In 2011, the Census of Marine Life announced that the estimated number of species on our planet is about 8.7 million. Considered one of the most accurate estimations in recent times, this analysis also predicted that within the 8.7 million, animal species accounted for about 7.77 million.
Luxuriating in an urban setup, it is hard for us to imagine that we share this planet with so many other species. For the most part, we are able to get through our day without having to make allowances for its other residents. Even when we account for our animal encounters, they are limited and often by choice. But this is not the case everywhere, and a new book shows us exactly that. In places where lives and livelihoods depend on human-animal interactions, animals come to play a vital role in everyday life.
Animal Intimacies: Beastly Love in the Himalayas, written by anthropologist Dr Radhika Govindrajan, explores the many visible and invisible threads that connect human and animal lives in the Kumaon villages of the Uttarakhand region. Against a rural backdrop, Govindrajan looks at what it means to share space with other species that are at times a source of livelihood, other times a source of despair and some times a projection of the ongoing political and social problems. Observing ways in which interspecies relatedness manifests itself, Govindrajan provides context for various issues like ritual sacrifice, cow protection, human-animal conflict, and rural-urban migration – showing us how nuanced these issues and these relations often are.
Radhika Govindrajan is an Assistant Professor of Anthropology at the University of Washington. Her research interests include multispecies ethnography and political, religious and environmental anthropology. For her book Animal Intimacies, she won The Edward Cameron Dimock, Jr. Prize in the Indian Humanities. Over a phone call, Govindrajan talked about her book, experiencing these relations up close, and how effective conservation measures require an understanding of the landscape, people and animals.
How did you go about researching human-animal interactions? Where does your interest in this area of research stem from?
I was trained as a historian, and I have always been interested in understanding the history of conservation in India. During my Master's degree, I did some research on early wildlife conservation in the United Provinces of British India, present-day states of Uttar Pradesh and Uttarakhand. When I travelled in that region for research, I found that a lot of the questions on how conservation came to be defined had a contemporary resonance to them. As I started training in anthropology, I became more widely interested in the question – how do people live alongside wild animals? I realized that it couldn't really be separated from how they lived alongside other kinds of animals (domestic). The categories of wild and domestic were so fluid and shifting that it didn't make sense to isolate one from the other. I became more and more interested in how these categories had come to be historically and how they broke down in the process of everyday life.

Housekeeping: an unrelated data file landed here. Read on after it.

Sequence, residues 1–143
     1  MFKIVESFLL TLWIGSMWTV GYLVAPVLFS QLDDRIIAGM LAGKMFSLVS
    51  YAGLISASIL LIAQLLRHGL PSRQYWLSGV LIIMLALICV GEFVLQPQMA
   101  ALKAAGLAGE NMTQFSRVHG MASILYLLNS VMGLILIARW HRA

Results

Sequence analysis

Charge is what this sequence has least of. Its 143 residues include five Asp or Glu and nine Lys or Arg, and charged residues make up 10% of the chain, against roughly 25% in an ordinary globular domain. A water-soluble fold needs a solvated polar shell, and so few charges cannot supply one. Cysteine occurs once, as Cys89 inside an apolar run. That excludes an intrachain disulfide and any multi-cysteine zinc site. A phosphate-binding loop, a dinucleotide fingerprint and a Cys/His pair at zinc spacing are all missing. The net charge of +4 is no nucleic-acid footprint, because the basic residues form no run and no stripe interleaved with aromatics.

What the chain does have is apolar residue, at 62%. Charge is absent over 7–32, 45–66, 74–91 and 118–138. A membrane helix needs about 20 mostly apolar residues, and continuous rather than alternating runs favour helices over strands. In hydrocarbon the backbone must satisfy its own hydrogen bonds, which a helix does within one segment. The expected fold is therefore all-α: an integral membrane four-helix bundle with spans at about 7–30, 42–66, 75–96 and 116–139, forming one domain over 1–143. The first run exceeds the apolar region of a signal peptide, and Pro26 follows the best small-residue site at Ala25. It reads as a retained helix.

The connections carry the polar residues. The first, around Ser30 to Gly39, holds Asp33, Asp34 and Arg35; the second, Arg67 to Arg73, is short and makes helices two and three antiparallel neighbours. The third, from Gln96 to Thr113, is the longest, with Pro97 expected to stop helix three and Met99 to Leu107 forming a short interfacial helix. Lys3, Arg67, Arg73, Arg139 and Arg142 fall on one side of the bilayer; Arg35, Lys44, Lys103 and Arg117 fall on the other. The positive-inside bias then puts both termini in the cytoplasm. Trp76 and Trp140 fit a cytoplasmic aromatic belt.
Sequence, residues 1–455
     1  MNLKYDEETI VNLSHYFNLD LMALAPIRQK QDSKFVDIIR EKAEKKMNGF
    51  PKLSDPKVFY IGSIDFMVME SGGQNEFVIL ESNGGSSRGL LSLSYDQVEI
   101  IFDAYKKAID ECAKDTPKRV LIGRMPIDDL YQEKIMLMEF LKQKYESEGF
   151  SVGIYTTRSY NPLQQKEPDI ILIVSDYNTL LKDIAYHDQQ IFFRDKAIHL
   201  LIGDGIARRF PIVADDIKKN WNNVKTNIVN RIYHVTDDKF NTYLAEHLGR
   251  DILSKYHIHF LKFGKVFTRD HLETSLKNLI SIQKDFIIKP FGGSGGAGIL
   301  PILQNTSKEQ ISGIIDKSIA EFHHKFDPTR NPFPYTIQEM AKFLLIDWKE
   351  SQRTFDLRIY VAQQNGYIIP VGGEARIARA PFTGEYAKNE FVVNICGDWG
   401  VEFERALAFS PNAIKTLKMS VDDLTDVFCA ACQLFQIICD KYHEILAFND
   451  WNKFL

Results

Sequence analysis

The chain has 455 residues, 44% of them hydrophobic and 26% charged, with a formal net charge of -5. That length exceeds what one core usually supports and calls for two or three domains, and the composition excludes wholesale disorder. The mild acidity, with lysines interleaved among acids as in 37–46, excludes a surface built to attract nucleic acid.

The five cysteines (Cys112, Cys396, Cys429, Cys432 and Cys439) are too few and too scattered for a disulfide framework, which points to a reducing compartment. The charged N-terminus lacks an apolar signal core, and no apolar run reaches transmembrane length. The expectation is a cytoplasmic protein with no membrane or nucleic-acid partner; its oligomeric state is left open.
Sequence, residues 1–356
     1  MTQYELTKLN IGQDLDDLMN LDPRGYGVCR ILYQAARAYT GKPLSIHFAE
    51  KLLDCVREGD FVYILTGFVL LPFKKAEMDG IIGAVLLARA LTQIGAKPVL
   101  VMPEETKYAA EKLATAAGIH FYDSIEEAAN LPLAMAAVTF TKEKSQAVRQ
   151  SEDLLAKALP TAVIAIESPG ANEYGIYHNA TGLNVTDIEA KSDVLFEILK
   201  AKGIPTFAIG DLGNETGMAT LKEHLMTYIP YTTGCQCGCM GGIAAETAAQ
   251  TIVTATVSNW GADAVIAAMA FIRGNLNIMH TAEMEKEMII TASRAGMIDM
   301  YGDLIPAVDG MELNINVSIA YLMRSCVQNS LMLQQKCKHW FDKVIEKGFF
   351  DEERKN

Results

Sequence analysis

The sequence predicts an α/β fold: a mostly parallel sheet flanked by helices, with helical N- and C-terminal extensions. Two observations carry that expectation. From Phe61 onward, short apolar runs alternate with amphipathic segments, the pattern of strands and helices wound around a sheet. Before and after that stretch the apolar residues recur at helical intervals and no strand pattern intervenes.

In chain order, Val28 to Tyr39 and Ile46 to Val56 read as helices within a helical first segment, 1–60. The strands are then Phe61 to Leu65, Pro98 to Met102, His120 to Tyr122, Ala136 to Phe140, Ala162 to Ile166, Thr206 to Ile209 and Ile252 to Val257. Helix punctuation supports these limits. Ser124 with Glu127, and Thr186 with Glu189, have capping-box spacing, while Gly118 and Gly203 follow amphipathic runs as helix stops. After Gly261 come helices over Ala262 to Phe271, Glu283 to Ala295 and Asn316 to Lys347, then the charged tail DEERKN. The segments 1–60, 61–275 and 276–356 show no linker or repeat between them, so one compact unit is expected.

You conducted your research for Animal Intimacies in villages along the forest edges in the Kumaon region. Why did you choose this region for your research?
As I said, my historical research had been in that region and I was looking at the writings of people like Jim Corbett, Frederick Walter Champion – a wildlife photographer who was very active in the Himalayan provinces in the 1920s and 30s, and pioneering forester EP Stebbing, who also worked in that region. So it made sense to continue the project there. Added to that, the state is a biodiversity hotspot and a favoured spot for conservation.
Also, these rural areas are undergoing such a dramatic transformation that it became an interesting place to think about what rural life looks like. On one hand, there is large scale agrarian abandonment in this area, and people have stopped farming for multiple reasons. But on the other hand, it is also a preferred region for people to buy land and second homes. These are interesting conditions, in which people are thinking about the value of agrarian work and what it means to live the "modern life". For these reasons, the forest edges of Kumaon seemed like the right place to locate my research.
Very early in the book, you mention that these are not "idyllic villages", but represent a fluid and complicated world. There is the ongoing issue of migration to cities in search of better prospects. This migration is often discussed from an agricultural context, but what are its implications when we talk about the human-animal interdependencies?
The rapid departure of young people from these villages was creating unexpected changes in the region’s landscape. Abandonment of agrarian land paved the way for new kinds of microhabitats that became home to tall grasses, secondary growth shrubs and trees. Increasingly, wild animals like leopards and boars began to move into these spaces, confounding any easy distinction between a field and a forest. The boundaries were blurred.